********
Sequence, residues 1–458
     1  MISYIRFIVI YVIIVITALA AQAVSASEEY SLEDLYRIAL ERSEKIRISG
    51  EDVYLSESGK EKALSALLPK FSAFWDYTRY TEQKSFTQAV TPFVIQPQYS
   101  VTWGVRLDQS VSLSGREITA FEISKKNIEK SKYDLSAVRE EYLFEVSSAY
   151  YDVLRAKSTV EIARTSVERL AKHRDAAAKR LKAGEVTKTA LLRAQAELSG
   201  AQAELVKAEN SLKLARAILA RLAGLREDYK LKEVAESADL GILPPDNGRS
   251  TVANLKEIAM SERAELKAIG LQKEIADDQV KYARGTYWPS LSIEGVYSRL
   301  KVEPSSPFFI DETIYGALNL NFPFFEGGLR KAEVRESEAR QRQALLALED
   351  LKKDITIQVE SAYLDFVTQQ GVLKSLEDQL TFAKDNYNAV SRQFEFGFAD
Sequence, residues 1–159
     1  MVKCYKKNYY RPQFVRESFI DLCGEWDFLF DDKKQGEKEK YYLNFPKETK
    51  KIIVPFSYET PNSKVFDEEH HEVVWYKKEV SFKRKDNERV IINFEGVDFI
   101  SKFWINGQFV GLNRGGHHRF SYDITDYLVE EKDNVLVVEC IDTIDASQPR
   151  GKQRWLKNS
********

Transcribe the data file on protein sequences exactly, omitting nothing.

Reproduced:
Sequence, residues 1–458
     1  MISYIRFIVI YVIIVITALA AQAVSASEEY SLEDLYRIAL ERSEKIRISG
    51  EDVYLSESGK EKALSALLPK FSAFWDYTRY TEQKSFTQAV TPFVIQPQYS
   101  VTWGVRLDQS VSLSGREITA FEISKKNIEK SKYDLSAVRE EYLFEVSSAY
   151  YDVLRAKSTV EIARTSVERL AKHRDAAAKR LKAGEVTKTA LLRAQAELSG
   201  AQAELVKAEN SLKLARAILA RLAGLREDYK LKEVAESADL GILPPDNGRS
   251  TVANLKEIAM SERAELKAIG LQKEIADDQV KYARGTYWPS LSIEGVYSRL
   301  KVEPSSPFFI DETIYGALNL NFPFFEGGLR KAEVRESEAR QRQALLALED
   351  LKKDITIQVE SAYLDFVTQQ GVLKSLEDQL TFAKDNYNAV SRQFEFGFAD
Sequence, residues 1–159
     1  MVKCYKKNYY RPQFVRESFI DLCGEWDFLF DDKKQGEKEK YYLNFPKETK
    51  KIIVPFSYET PNSKVFDEEH HEVVWYKKEV SFKRKDNERV IINFEGVDFI
   101  SKFWINGQFV GLNRGGHHRF SYDITDYLVE EKDNVLVVEC IDTIDASQPR
   151  GKQRWLKNS